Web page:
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Tanah Lot

Tanah Lot 

Tanah Lot is a sacred temple on the south coast of Bali around 20 kilometres from Denpassar. It is a place that has been drawing pilgrims for centuries and now has also caught the eye of the traveller with its stunning scenery.

Tanah lot translates to "land in the sea" in Balinese and has been a very popular tourist destination on Bali for many years. The tiny island was formed by the gradual erosion of the ocean tide over thousands of years. The temple of Tanah Lot is said to have been founded by the 16th-century priest Nirartha, one of the last priests to come to Bali from Java. It is said that while he was walking the coast he came across this island and decided to rest and local fishermen brought him food and gifts. He spent the night there and the next day told the fishermen to build a shrine on the rock as he deemed it a sacred place of worship to the Balinese sea gods.

  

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The temple at Tanah Lot is not accesible to visitors although many people flock to this sacred site to witness the glorious sun sets over the Indian Ocean. You can easily just sit back amongst the rice paddies and wait for the sun to go down.

Getting there is rather easy as it is only a 30 minute drive from the heart of Kuta or Legian. The drive itself is pleasing as you soon realise that you are surrounded by the infamous rice paddies on all sides and the Balinese countryside has to offer. Once you arrive at Tanh Lot there are numerous stalls selling souvenirs and food and drink. The best time to visit would be just before sunset. It is a good idea to check the times of the tide as the small island can be surrounded by water.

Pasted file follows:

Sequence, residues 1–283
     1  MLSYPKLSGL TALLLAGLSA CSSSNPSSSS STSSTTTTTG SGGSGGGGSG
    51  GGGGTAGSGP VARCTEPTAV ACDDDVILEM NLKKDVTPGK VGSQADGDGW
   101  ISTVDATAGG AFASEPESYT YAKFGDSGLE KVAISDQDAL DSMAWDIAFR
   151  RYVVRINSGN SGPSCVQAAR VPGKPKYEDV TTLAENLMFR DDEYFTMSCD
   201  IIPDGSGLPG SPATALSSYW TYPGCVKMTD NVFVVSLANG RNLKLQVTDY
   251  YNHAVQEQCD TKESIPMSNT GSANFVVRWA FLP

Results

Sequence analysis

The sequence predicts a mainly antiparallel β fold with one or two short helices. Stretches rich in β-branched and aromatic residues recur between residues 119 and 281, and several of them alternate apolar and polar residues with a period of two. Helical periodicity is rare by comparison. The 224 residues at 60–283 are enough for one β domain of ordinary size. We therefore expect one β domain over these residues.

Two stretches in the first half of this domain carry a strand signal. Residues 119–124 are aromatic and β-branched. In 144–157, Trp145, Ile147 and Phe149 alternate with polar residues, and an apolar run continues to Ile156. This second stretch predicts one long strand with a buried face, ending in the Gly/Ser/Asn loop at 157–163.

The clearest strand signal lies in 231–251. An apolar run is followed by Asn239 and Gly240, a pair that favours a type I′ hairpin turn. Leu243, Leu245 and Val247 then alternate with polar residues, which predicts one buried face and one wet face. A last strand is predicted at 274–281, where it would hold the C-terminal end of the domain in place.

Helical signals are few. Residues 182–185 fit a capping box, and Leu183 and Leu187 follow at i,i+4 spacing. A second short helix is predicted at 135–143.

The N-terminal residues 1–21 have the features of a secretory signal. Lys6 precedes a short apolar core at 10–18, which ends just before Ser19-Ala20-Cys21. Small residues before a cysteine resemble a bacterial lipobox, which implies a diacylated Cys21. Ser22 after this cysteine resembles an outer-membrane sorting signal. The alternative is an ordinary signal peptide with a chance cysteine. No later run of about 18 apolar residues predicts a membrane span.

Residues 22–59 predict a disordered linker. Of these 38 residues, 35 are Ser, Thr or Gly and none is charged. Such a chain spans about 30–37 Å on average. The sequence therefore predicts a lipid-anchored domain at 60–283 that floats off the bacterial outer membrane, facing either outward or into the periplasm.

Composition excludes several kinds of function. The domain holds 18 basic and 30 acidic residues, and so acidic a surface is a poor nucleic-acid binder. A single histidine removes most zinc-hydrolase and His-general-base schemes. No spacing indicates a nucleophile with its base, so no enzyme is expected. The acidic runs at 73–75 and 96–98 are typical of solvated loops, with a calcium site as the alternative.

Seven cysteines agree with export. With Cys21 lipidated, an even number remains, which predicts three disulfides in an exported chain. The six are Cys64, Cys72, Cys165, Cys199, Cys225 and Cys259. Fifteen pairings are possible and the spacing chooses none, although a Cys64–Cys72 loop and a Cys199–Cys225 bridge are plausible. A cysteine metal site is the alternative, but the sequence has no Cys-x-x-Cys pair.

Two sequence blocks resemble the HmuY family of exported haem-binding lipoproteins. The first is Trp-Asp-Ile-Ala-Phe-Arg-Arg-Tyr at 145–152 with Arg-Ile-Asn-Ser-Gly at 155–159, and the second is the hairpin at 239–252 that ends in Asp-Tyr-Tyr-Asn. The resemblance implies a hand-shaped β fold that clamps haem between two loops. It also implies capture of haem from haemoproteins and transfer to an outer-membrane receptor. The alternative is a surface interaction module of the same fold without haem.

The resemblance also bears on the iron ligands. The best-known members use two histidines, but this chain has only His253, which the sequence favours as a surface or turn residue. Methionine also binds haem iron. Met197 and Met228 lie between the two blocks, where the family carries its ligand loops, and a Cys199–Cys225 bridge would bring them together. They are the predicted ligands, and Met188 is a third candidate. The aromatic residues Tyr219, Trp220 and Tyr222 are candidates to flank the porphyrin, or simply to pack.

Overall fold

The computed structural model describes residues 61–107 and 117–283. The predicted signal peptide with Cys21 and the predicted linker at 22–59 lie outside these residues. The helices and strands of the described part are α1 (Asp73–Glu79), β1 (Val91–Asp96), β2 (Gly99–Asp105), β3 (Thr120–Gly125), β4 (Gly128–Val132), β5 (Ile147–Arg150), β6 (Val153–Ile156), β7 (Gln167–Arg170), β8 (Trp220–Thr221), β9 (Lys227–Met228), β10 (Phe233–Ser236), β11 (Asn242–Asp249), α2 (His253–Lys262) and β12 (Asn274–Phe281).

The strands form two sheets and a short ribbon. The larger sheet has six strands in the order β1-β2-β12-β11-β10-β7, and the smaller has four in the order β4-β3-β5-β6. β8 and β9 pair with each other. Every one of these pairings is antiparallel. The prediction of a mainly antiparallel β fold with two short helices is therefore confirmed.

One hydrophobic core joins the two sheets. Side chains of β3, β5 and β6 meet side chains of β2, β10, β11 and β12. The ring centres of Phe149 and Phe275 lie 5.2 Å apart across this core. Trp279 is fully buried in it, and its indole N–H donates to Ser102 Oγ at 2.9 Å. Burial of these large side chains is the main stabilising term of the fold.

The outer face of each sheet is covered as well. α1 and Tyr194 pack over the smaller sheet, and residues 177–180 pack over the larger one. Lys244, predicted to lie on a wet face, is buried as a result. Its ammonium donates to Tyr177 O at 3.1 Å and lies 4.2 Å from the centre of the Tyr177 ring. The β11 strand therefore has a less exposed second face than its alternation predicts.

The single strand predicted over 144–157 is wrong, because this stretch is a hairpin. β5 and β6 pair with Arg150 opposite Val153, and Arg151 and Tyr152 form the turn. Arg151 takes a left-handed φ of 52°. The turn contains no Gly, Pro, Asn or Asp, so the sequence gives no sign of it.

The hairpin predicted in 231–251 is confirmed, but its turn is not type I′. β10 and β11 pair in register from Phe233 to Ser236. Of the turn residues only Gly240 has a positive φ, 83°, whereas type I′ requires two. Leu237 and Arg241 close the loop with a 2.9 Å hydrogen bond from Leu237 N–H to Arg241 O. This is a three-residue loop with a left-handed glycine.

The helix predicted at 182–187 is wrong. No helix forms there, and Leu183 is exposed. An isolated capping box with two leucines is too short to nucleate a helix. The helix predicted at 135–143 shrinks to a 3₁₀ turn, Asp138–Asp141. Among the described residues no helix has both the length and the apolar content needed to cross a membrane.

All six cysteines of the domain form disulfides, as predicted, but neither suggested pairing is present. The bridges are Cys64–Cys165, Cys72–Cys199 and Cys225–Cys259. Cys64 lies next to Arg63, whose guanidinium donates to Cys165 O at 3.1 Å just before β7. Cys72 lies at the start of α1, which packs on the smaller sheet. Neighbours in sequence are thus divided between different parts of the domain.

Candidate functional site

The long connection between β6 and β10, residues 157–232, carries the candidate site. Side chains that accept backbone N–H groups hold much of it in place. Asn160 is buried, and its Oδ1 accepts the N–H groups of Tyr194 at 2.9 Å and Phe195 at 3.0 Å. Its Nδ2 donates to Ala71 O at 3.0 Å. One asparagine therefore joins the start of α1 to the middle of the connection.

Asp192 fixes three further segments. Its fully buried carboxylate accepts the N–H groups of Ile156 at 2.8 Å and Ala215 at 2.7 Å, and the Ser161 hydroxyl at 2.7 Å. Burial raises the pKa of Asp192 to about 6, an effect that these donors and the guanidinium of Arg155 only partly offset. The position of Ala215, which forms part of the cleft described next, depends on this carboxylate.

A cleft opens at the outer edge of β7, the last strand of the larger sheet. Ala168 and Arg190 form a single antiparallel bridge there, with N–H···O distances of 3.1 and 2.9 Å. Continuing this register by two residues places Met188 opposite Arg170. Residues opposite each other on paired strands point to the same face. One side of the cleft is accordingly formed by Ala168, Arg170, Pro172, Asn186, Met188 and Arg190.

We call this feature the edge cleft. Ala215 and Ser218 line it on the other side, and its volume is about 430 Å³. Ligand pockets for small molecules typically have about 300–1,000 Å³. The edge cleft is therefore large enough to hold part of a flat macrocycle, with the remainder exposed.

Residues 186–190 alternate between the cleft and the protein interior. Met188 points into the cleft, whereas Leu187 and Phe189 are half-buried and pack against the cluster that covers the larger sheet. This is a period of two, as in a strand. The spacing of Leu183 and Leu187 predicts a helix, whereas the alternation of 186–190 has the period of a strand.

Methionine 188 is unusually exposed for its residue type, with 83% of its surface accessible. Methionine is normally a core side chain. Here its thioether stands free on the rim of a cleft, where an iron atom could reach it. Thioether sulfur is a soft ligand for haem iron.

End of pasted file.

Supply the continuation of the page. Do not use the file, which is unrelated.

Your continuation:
If you do decide to visit Tanah Lot you can be sure that you will have taken a very special memory back home with you.When the tide is in, Pura Tanah Lot looks like a ship floating on the sea, with the artistic patterns of the rock carved by the waves. Those who come to pray generally prefer to use the space on the beach, rather than crossing over. But occasionally, a few try to make it to the rock, relying on a rope tied to the coral. They are usually supervised and helped in this by the traditional security personnel. Treading cautiously through the water and watching out for incoming waves, these pilgrims seem delighted with their brief yet sometimes hazardous crossing.

 

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